Essays on Science and SocietyGE PRIZE ESSAY

2008 Grand Prize Winner

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Science  05 Dec 2008:
Vol. 322, Issue 5907, pp. 1487
DOI: 10.1126/science.322.5907.1487

Ethan Garner, the author of the prize-winning essay, was born in Richland, Washington. He received his B.S. in biochemistry from Washington State University, where he worked with Keith Dunker developing tools to predict disordered regions within proteins. He conducted his graduate work at the University of California, San Francisco, where he studied the kinetics and regulation of prokaryotic polymers with Dyche Mullins. Ethan is moving to Boston, where he will be working with Tim Mitchinson, Xiaowei Zhuang, and Alice Ting on elucidating the process of prokaryotic DNA segregation.

Regional Winners

North America:Xu Tan for his essay “Plant Hormone Auxin Functions as Novel Molecular Glue.” Dr. Tan spent his first 18 years in Changsha, China. In high school, he won a national first prize in the biology Olympiad. After earning his B.S. from the University of Science and Technology of China in Hefei, he pursued graduate studies at the University of Washington, Seattle. Under the advice of Ning Zheng, Dr. Tan did his thesis research on the structural biology of ubiquitin ligases. Looking forward to expanding his research horizons, he is starting a postdoctoral position with Steve Elledge at Brigham and Women's Hospital, Harvard Medical School.

Europe:Sabrina Büttner for her essay “Endonuclease G Regulates Cellular Fate.” Dr. Büttner was born in Mutlangen, Germany. She studied biochemistry at the Eberhardt-Karls University, Tübingen, Germany, and received her diploma with honors in 2004. During her Ph.D. studies, conducted under the guidance of Frank Madeo at the Institute for Molecular Biosciences, University of Graz, Austria, she investigated yeast programmed cell death in the context of aging and oxidative stress, identifying molecular mechanisms of apoptosis in Saccharomyces cerevisiae. After defending her doctoral thesis in 2007, Dr. Büttner continued her research in the Madeo lab as a postdoctoral fellow, focusing on the further establishment of yeast as a model for neurodegenerative diseases.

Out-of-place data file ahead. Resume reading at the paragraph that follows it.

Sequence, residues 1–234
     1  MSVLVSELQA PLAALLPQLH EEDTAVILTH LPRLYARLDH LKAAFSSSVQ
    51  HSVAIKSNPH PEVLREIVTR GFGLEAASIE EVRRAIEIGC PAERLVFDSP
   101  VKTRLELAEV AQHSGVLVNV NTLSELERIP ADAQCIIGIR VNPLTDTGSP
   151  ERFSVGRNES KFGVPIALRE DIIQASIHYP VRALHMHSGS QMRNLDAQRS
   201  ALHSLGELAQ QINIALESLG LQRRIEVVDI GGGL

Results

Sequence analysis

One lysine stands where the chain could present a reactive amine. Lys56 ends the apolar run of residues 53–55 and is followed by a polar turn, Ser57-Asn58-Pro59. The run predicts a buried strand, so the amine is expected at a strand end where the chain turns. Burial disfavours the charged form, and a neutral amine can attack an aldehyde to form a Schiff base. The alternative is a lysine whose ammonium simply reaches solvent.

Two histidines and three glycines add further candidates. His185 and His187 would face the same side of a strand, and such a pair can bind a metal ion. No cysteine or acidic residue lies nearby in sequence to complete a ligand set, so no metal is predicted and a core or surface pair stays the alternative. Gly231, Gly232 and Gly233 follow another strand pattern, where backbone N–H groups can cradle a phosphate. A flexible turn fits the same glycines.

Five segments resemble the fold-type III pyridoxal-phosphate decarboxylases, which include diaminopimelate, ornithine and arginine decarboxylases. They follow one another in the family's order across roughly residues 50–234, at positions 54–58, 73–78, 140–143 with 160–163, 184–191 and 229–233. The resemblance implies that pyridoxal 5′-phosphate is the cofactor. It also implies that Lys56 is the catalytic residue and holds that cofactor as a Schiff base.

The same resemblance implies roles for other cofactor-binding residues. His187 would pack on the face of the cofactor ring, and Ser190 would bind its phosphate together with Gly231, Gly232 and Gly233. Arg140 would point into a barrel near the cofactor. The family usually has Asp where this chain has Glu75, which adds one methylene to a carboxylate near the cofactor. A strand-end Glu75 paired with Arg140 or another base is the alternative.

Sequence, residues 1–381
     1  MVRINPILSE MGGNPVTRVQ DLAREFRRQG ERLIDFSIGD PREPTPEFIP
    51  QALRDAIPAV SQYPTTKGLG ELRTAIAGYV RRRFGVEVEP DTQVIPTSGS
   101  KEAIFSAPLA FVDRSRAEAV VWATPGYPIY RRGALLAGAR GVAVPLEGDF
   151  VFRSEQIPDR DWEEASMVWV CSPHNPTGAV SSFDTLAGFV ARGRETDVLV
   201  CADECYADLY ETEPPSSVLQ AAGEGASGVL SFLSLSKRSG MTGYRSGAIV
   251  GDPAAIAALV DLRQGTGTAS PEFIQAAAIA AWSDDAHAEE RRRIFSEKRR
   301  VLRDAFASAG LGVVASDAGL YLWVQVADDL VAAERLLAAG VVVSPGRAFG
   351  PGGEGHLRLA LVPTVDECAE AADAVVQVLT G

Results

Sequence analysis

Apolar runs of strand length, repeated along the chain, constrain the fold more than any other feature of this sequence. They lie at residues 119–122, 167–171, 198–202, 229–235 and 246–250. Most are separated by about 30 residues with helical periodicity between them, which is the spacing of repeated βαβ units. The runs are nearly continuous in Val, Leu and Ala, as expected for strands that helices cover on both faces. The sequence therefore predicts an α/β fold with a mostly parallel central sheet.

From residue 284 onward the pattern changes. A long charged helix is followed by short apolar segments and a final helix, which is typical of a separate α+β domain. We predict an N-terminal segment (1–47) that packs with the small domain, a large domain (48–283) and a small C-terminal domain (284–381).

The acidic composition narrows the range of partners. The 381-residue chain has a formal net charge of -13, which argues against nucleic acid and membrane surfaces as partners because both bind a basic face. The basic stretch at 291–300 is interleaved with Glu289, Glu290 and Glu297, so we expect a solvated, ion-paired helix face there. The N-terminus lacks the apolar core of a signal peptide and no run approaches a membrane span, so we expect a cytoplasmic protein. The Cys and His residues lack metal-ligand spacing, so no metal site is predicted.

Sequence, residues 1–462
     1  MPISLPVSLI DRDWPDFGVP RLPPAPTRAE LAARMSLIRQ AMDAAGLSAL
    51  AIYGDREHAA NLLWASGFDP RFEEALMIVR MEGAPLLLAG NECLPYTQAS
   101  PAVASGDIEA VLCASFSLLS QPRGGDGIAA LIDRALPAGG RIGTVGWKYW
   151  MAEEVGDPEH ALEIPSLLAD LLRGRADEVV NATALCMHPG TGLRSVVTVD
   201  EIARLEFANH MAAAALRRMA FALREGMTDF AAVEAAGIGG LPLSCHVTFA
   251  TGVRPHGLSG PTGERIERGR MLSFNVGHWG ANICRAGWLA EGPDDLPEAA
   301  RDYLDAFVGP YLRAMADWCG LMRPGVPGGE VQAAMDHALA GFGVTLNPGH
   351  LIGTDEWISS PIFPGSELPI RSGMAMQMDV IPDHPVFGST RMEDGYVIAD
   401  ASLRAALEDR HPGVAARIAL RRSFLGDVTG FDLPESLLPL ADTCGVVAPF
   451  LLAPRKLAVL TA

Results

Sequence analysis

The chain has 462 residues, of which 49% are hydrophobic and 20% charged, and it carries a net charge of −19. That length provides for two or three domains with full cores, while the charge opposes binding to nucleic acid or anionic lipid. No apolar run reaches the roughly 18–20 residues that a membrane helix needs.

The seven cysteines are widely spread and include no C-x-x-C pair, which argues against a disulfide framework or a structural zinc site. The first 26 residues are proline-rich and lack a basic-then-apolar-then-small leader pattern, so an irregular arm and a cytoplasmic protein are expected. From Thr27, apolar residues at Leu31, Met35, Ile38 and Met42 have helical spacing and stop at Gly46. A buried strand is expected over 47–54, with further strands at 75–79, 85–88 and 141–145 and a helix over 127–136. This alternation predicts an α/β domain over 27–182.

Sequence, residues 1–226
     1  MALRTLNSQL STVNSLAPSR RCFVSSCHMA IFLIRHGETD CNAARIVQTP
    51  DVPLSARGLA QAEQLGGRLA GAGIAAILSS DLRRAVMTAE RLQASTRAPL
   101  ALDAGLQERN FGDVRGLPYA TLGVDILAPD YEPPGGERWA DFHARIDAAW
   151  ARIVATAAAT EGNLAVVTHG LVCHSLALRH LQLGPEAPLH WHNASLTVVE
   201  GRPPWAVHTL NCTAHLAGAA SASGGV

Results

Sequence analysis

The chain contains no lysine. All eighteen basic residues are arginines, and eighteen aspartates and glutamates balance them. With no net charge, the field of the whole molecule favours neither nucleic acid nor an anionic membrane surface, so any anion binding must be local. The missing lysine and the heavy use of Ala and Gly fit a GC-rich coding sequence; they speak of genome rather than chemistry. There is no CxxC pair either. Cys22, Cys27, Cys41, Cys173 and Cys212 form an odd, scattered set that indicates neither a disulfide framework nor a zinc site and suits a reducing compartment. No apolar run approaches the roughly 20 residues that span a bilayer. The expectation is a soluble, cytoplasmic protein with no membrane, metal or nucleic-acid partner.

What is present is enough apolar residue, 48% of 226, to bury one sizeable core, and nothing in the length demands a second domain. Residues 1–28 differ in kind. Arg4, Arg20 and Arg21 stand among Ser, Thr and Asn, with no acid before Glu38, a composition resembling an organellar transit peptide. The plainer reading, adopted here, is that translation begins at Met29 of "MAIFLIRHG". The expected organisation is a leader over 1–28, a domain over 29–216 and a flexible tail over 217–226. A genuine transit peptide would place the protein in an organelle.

Japan:Kaori Yamada for her essay “Moving PIP3 Regulates Cell Polarity.” Dr. Yamada grew up in Kinokawa, a beautiful town in Wakayama, Japan. She received a B.S. degree from the University of Tokyo. A strong interest in life science led her to remain there as a graduate student in Yasuhisa Fukui's laboratory. During her Ph.D. project, she spent time in the laboratory of Athar H. Chishti, a collaborator at the University of Illinois, Chicago. There, Dr. Yamada elucidated how kinesin transports the lipid messenger PIP3 in neurons. She completed her Ph.D. in January 2007 and is currently a postdoctoral fellow at the University of Illinois, Chicago.

All other countries:Sarel Fleishman for his essay “Modeling at the Gates of the Cell.” Dr. Fleishman received an M.Sc. in biochemistry (summa cum laude) and a Ph.D. (with distinction) from Tel-Aviv University, Israel, where he studied in the group of Nir Ben-Tal. During his graduate studies, he investigated the structure, function, and evolution of membrane proteins associated with hereditary hearing loss and neurodegenerative diseases, cancer, and bacterial drug resistance. He is currently a Human Frontier Research Postdoctoral Fellow working on computational design of protein-based inhibitors toward pathogenic molecules in David Baker's laboratory at the University of Washington.

For the full text of essays by the regional winners and for information about applying for next year's awards, see Science Online at

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